I adopted the breezy Berliner approach to excessive beer consumption, a penchant for techno, and even a touch of Berliner Schnauze (the curt, brusque manner of speaking prevalent in the city). But it still didn’t feel like home.
Berlin lacks the friendliness of my hometown.
Its transport system has more than two lines, and to my initial horror, the supermarkets are closed on Sundays. All of these you eventually learn to take in your stride, but despite all best intentions, as you bumble your way around apartment viewings, doctor’s appointments and accountant phone calls with your mediocre German language skills and friends you’ve not really chosen but instead been flung together with, it can still feel incredibly isolating.
You don’t really belong here, do you?
History permeates every corner of Berlin. They don’t hide from it. It lines your commute to work. You stumble across brass markers of where Jews once lived, and even street names stand as a constant reminder of what once happened here. You can pore over every book on Berlin (of which there are many); you can visit every museum and monument (of which there are plenty); you can hunt down dyed-in-the-wool Berliners (of which there are few), but an extensive knowledge of the city and the wall that once stood tall does not a Berliner make. It just makes you an uncomfortably foreign swot.
Convinced that I’d regret not attending the celebrations I headed to the city
An unassuming section of the wall remains behind my apartment building. Platz des 9. November 1989 sits on Bösebrücke, a bridge marking one of 12 checkpoints crossing the border of a divided Berlin, and the first to open on that night that saw thousands of East Germans pour into the west. Convinced that I’d regret not attending the celebrations I headed to the city, passing the checkpoint, something I do almost daily without acknowledgement.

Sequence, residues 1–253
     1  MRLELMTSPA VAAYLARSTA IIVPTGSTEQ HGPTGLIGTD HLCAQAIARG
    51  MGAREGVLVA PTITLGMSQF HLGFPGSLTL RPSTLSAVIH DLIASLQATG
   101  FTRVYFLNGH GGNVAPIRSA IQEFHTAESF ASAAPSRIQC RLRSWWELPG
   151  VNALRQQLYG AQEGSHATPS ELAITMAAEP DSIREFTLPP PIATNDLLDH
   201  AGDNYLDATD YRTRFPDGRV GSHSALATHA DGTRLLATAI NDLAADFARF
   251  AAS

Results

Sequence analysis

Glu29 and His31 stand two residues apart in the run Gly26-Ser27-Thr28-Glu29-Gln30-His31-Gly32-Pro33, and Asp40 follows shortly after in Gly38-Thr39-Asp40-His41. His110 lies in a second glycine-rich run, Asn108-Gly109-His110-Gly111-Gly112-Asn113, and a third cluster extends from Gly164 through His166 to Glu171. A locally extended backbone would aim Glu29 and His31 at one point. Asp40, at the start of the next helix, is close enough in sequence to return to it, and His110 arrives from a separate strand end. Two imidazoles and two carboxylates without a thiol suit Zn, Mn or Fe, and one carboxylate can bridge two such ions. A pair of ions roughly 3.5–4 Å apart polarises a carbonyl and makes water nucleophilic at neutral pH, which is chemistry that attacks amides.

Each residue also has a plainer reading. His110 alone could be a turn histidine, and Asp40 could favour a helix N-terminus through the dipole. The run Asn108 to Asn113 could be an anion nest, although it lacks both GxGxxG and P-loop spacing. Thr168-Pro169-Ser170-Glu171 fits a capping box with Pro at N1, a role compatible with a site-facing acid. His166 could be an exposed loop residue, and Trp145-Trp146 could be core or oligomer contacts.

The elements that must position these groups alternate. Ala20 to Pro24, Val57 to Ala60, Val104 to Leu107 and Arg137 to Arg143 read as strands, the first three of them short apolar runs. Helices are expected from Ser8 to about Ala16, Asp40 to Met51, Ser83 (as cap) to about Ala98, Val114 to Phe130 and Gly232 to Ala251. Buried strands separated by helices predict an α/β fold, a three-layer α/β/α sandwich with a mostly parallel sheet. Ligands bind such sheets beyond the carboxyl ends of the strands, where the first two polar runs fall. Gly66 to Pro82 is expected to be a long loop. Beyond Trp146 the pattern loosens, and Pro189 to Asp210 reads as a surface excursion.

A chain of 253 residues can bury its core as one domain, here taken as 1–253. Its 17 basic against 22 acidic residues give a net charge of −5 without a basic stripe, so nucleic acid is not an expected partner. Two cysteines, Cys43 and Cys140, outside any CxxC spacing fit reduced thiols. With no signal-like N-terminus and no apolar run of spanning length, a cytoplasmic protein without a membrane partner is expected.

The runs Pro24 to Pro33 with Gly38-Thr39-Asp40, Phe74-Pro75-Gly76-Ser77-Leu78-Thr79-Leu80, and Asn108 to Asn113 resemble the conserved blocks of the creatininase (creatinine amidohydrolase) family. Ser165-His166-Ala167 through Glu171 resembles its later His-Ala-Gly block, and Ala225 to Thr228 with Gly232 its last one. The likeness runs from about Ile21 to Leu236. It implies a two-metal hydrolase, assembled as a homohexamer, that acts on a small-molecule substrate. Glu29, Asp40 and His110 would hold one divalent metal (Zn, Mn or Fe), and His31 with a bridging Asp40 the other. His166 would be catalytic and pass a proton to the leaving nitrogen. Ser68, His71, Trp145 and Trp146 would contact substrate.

Berliners toasted with champagne and Gluhwein at the Platz. Among them, Americans, Brits, Italians, and many others. A German man held aloft for the gatherers a Berliner Zeitung paper from November 10. ‘Berlin ist wieder Berlin’ the front page read. Berlin is Berlin again.
Enough to bring a lump to your throat, for some. But it was only when Syrian aid worker Sarah Mardini took to the globe-filled stage at Brandenburger Tor, where I and 100,000 people flocked that evening, that my eyes began to sting. Mardini spoke the only words I’d really properly understood all evening.
“Because of the union of the people, the faith to fight for freedom, myself and refugees like me have a chance to call a new place home,” She said.
The freedom Mardini speaks of is one I had taken for granted.
“Because of your fight for freedom, your faith for freedom, I have freedom again.”
The freedom Mardini speaks of is one I had taken for granted. It’s a freedom that had been forgotten, until it stared me down in the streets I walked every day. An uncomfortable freedom, that makes itself known with every corner turned and with every laborious, stumbling pidgin German conversation. A freedom that I felt I hadn’t earned, and a freedom that, by not embracing it, was holding me back from feeling at home.
The 104-mile long wall has now been gone longer than it stood, but its stifling, suffocating hold was so strong that today even people like me, who have no memory of its physical presence, can still feel its shadow.
As a spotlight shines on my freedoms – as a woman, as a European, as a journalist – I have learned to be grateful now more than ever, for the fall of a wall that I never witnessed.
Maybe it’s time to finally embrace my freedoms.